As 2016 progresses, consumer expectations are evolving, and benefits providers need to keep up with the times. Technology, consolidation, new competition, regulations and more are impacting the way that you do business, and keeping up with the all of this is pivotal to growing your firm in 2016, 2017, and beyond.
A new article from Benefits Pro took a look at the changing environment for benefits technology, and how providers can meet the needs of changing demographics and changing demands, offering tips and best practices for your firm.
The New Face of the Employee
With employees staying in the workforce longer, employers and benefits technology providers now need to communicate with up to four generations—the Silent Generation (born between 1925 and 1946), Baby Boomers (born between 1946 and 1964), Generation X (born between 1965 and 1980), and the largest group, Millennials (born after 1980)—all having different needs, understanding of technology, and preferences, it takes a variety of methods to communicate your offerings with the employees.
Whether going high-tech or high-touch, communication is a consistent challenge, as only 18% of employees finding that communication is extremely effective, as shared in a recent HTI Blog, 4 Ways to Overcome Generation Gap Communication Challenges. Learn how to use old-school and new-school techniques in 4 Key Elements to a Successful Benefits Communications Plan.
All of this is not to mention that the workplace continues to be more culturally diverse—by 2060, the U.S. Census Bureau estimates there will be more than 110 million people who consider themselves Hispanic, black, or Asian.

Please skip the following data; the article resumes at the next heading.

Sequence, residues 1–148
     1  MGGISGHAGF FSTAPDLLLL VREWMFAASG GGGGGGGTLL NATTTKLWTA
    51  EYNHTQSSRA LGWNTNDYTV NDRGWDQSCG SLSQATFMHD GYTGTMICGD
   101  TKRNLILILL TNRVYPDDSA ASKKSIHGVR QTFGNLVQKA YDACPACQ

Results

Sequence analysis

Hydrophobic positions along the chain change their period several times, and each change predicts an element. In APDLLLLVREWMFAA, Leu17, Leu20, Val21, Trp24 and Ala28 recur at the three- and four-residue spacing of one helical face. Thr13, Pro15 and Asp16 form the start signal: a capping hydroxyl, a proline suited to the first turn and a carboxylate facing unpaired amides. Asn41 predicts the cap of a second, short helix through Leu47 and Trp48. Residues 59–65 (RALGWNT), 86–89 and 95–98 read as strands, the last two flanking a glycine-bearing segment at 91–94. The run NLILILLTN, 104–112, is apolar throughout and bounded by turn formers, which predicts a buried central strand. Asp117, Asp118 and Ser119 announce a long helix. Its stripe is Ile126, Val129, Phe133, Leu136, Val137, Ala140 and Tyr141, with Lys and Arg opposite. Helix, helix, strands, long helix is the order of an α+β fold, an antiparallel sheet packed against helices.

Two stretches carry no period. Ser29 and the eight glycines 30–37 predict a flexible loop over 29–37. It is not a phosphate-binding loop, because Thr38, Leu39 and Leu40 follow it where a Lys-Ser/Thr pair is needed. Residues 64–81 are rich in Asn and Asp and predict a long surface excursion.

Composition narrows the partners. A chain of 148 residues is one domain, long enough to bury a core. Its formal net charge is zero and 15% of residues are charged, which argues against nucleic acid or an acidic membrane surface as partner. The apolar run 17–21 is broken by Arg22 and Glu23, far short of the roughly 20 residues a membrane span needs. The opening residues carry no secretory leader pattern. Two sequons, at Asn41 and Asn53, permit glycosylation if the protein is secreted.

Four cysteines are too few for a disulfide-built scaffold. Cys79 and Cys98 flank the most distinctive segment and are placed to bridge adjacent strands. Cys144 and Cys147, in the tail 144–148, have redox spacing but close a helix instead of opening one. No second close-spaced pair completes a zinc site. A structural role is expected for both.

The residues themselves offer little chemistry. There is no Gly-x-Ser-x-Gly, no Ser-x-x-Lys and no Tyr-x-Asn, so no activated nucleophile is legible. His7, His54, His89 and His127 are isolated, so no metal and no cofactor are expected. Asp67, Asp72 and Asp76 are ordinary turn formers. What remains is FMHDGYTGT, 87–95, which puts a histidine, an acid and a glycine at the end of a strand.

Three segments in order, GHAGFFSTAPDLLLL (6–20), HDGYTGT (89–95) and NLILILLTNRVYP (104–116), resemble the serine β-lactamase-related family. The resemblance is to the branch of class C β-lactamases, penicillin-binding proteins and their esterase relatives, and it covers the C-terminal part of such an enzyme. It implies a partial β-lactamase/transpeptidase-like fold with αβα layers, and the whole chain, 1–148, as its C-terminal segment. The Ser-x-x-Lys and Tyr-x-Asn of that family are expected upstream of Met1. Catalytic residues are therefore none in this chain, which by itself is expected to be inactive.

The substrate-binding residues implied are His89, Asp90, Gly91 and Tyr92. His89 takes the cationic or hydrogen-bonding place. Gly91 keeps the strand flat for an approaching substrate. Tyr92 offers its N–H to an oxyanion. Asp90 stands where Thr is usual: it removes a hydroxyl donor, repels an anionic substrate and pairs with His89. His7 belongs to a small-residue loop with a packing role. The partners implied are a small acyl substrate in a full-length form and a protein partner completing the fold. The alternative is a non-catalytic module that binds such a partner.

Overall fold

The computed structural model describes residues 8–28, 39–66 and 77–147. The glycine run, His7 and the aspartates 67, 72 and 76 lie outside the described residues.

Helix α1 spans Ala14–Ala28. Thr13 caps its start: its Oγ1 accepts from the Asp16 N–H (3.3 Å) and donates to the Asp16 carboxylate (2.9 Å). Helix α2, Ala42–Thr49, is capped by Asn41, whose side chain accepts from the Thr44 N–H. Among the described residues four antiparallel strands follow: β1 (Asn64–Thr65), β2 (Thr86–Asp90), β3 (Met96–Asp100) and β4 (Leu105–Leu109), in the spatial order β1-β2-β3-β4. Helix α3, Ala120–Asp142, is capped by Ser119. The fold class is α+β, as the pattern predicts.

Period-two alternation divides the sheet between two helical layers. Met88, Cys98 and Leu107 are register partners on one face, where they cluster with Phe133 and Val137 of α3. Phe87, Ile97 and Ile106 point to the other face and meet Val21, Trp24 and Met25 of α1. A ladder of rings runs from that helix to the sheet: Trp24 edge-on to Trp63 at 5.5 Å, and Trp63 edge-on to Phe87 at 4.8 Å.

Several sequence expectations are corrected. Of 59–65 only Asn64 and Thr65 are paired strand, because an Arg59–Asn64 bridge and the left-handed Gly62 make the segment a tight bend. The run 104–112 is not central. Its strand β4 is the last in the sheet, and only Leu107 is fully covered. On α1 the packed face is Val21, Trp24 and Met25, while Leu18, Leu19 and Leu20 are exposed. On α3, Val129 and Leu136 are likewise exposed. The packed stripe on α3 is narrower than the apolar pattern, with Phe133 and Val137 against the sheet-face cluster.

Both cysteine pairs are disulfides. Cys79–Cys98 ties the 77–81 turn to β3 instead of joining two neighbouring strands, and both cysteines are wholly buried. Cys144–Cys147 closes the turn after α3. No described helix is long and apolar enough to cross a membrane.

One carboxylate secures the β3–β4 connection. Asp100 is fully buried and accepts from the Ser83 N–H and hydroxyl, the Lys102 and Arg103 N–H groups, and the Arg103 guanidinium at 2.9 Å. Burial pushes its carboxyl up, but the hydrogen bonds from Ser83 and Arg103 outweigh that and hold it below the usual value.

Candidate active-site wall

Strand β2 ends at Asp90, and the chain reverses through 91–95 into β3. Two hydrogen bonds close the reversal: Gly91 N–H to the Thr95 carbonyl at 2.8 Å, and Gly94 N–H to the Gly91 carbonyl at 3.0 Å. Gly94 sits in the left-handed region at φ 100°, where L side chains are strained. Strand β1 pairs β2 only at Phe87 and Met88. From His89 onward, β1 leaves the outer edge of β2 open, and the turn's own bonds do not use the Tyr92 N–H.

“Benefit education and communications solutions can’t be one size fits all, but must be clear, relevant, and personalized to different populations within the workplace in order to be successful,” says Ray Marra, Senior Vice President, Group Products at Guardian.
Learn how to tailor benefits communication to all employees in How Employees want Communication Tailored.
New Employee Demands
While there is a diverse set of employees you need to communicate with, these employees have different wants and needs that you need to cater to.
America’s workers want benefits that are customized for their age and circumstances. They want a greater variety of benefits. They want to be engaged how, when, and where they choose. And they’re not easily satisfied, but they are willing to help pay as long as they get more choice.
The changing demands can be addressed through an effective combination of private exchanges, defined contribution, and voluntary benefits. With this combination, employees are empowered to make decisions based on their own health needs. See how this combination can improve the overall health of employees (as well as their spouses, children, and even pets) in How Private Exchanges Lead to Increased Voluntary Benefit Use.
Best Practices in a Changing Environment
Benefits Pro author Gavin Dean, Vice President of the Enrollment Center for Colonial Life and Unum US, shares his best practice to address this changing landscape as a benefits professional. His four suggestions are as follows:
- Focus on maximizing the health of your clients’ benefits and wellness plans through a life cycle approach;
- Provide your clients with tools that engage employees;
- Provide access to platforms that allow employees to engage how, when, and where for benefits education and enrollment;
- Provide administrative capabilities that maximize value to the organization’s talent management professionals.
Following these best practices can help guide tomorrow’s leading benefits marketers because they’re not focused on particular platforms or services or hot “apps.” Instead, they are focused on providing the best value and service to America’s workers and their employers.